I also know that Danielle and I can move forward with adoption now that pregnancy is not an option for us.  As our options narrow, so does our focus.  Our goal becomes clearer and the steps to take more obvious.  The "what if's" are fewer, as are the number of roads diverging.  No, we are not out of those darned woods yet, but the paths are becoming easier to see. 
     One day, I hope we'll find the one that will make all the difference.

Tuesday, March 17, 2015

A Wedding in Three Acts

     Act I
     Our first wedding was beautiful.  It happened on a sunny September afternoon on a farm with 125 supportive friends and family members surrounding us.  People traveled to our Carolina celebration from as far away as Boston, Delaware, Pittsburgh, and Pensacola.  We rented a huge tent, bought tablecloths, sewed table runners, and topped every conceivable surface with mason jars crammed with local wildflowers.  A food truck catered dinner, and we made little paper bag lunches for the kids.  At the fire pit, guests roasted s'mores, and as the sun went down folks gathered around the fire to play instruments.  Aside from people who like to dance (We, being your typical uncoordinated white people, had neglected to even think about providing a proper space and proper music for dancing.), everyone had a great time and lots to do.
     The ceremony was sweet, too.  Danielle got choked up saying her vows, and I saw glimpses of many of our guests getting teary-eyed as well.  The words we spoke were beautiful.  I love you.  I trust you.  I delight in you.  For my part, I avoided any kind of emotional expression by obsessing over the amount of gnats resting on my arm on this muggy, late-summer day.  I felt like I had pin pricks in my skin running all the way from my shoulders to my wrists and wasn't sure what to do about it.  I'm no Emily Post, but I'm pretty certain it isn't good form for a bride to swat at bugs and flail her arms incessantly while solemnly swearing  faithfully to love and support another person for the rest of her life.  (And can you imagine how the pictures would look?)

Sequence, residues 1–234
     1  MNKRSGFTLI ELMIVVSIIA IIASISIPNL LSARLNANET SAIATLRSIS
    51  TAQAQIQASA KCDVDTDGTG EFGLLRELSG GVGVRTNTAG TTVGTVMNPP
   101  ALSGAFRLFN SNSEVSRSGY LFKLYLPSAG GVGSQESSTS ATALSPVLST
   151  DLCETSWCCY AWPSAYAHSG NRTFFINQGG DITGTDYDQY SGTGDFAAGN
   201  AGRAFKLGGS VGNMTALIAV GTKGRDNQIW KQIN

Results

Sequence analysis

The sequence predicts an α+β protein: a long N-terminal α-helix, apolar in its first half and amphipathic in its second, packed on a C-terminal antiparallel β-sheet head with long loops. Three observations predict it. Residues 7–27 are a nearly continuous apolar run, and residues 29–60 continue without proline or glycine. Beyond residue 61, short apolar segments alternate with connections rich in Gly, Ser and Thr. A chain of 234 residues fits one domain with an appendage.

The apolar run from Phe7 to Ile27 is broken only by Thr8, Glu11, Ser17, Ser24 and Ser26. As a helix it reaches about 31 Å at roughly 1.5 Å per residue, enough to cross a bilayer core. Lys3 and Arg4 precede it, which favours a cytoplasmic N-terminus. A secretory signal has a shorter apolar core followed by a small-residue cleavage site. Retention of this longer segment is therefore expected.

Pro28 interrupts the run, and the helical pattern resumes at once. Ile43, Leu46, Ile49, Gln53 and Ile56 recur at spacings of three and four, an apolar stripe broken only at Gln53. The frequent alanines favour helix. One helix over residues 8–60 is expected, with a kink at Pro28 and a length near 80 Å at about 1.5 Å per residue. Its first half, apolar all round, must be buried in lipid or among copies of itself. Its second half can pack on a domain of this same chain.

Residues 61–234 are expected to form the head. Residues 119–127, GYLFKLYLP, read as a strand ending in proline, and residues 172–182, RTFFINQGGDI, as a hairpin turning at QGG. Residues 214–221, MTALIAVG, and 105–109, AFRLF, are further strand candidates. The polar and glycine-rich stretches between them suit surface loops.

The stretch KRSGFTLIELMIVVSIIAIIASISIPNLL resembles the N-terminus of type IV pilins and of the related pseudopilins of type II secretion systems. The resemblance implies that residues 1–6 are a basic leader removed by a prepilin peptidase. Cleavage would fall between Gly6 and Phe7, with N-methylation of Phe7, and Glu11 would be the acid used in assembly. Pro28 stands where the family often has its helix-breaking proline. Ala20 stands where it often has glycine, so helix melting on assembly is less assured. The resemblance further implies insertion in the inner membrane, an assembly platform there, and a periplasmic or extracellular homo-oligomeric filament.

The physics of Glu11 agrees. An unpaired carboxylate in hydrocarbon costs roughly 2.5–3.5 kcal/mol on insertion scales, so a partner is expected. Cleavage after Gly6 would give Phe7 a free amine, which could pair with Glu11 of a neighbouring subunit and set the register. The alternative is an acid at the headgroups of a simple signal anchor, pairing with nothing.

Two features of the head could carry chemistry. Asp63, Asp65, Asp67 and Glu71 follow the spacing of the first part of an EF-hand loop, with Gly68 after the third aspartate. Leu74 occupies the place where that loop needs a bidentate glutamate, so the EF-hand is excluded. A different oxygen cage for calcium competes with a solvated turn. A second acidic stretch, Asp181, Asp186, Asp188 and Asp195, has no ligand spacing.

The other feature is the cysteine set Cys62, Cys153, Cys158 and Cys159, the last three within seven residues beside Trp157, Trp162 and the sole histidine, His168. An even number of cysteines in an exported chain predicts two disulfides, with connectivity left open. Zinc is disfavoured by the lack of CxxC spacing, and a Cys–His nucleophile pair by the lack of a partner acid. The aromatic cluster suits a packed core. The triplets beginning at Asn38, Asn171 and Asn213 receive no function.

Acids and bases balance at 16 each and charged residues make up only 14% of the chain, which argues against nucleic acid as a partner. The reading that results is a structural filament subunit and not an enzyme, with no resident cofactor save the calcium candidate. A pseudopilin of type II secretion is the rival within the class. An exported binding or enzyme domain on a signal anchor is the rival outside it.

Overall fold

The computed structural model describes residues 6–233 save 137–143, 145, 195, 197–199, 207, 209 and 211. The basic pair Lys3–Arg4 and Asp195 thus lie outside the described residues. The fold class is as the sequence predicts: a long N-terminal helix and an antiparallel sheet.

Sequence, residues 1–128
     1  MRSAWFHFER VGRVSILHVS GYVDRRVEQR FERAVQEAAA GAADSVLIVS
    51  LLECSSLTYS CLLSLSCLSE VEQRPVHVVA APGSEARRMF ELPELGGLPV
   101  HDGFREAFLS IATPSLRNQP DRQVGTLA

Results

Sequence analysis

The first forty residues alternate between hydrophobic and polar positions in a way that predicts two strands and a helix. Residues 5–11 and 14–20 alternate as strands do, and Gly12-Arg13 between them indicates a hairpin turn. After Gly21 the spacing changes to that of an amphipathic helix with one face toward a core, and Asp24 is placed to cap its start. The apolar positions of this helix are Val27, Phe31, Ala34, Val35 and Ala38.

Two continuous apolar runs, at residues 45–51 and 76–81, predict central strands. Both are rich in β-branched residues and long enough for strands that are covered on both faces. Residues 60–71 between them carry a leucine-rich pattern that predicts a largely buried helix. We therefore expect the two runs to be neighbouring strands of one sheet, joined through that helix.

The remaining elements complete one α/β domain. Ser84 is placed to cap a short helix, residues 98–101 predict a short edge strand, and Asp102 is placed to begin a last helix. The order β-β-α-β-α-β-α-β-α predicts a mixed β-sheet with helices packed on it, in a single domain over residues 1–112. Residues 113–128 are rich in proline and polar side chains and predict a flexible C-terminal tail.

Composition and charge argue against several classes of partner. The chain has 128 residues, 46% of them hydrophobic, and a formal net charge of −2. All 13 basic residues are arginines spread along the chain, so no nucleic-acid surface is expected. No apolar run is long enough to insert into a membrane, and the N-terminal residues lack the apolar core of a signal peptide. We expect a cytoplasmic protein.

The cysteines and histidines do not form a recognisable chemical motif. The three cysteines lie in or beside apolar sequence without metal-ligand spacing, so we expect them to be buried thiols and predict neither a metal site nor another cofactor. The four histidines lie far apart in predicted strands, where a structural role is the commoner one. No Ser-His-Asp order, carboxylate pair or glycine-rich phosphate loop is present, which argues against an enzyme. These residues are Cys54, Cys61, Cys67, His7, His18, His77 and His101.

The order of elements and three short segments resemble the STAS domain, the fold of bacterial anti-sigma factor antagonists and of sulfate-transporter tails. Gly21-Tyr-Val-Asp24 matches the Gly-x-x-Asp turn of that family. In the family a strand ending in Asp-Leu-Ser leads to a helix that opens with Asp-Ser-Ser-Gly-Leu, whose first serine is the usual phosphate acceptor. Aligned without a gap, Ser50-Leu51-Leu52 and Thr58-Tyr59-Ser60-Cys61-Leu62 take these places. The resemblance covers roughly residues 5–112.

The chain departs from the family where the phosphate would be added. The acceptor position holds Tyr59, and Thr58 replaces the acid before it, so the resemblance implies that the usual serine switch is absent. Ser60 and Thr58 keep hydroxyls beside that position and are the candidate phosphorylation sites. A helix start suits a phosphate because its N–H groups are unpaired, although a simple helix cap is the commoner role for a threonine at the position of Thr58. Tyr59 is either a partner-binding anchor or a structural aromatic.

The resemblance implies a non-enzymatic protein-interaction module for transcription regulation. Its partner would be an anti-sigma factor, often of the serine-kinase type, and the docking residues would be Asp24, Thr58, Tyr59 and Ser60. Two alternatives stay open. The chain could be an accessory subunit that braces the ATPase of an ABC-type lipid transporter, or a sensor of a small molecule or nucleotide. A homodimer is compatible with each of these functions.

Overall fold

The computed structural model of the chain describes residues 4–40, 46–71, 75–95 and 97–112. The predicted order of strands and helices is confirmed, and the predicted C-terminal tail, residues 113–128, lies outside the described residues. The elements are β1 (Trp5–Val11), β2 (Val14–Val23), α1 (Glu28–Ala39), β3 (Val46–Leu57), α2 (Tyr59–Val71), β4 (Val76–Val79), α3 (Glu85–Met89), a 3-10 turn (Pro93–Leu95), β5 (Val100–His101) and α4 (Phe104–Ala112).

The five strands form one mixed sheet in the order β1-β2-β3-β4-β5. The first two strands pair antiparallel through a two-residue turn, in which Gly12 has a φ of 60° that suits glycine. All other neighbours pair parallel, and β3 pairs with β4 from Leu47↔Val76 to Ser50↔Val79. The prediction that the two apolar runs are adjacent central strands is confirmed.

Gnats aside, it was a lovely day.  We got to visit with friends we hadn't seen in a long time, receive countless hugs and well-wishes, have fabulous hair, and feel incredibly validated and affirmed.  Our outdoor wedding had no trace of rain, and our guests lingered to talk, eat, drink wine, play music, and just savor the last remnants of summer.  It was pretty much perfect.
     However, legally speaking, our vows held the weight of a heaping helping of diddly-squat.
     There have been many times when this fact has angered and saddened me.  The extreme of unfairness of denying marriage rights and protections to same-sex couples is downright infuriating.     
     And yet, today I feel grateful.
     Why the change of heart?  Because on February 14, 2015, I got the chance to say my vows all over again.  And it was even better.
     The road to being able to legally marry in our state was a windy one.  Less than three years ago, our state passed a constitutional amendment banning same-sex marriage.  Danielle and I had serious talks about moving from a home we love- and living farther away from our families- in order to reside in a state where we could legally wed.  Temporarily, our love of place and family won out and we stayed put, but we were left feeling vulnerable in the absence of legal rights.  We discussed traveling to Maryland over the summer to obtain a legal marriage license, but we knew the futility of such a trip: the license would be null and void as soon as we crossed over the state line.
     So we carried on in this state (no pun intended) of legal limbo for some time.  Then, one day this past November we started seeing Facebook posts about gay marriage becoming legal in our state.  Perhaps past experiences had conditioned us against optimism because our first response to the news was incredulity. Surely there was a catch.  Perhaps this was one organization's take on a recent court ruling and not the voice of the state speaking.  Yet post after post kept popping up in our feeds.  Apparently, a regional court ruling coupled with our Attorney General's refusal to defend the state's gay marriage ban had indeed paved the way for us to legally marry on our home soil.  We were, of course, thrilled but also shocked.  We had no inkling that a court ruling was in the works.  There was no gripping story line we were following, no waiting with bated breath.  The day we had long been waiting for had arrived, but anticlimactically so.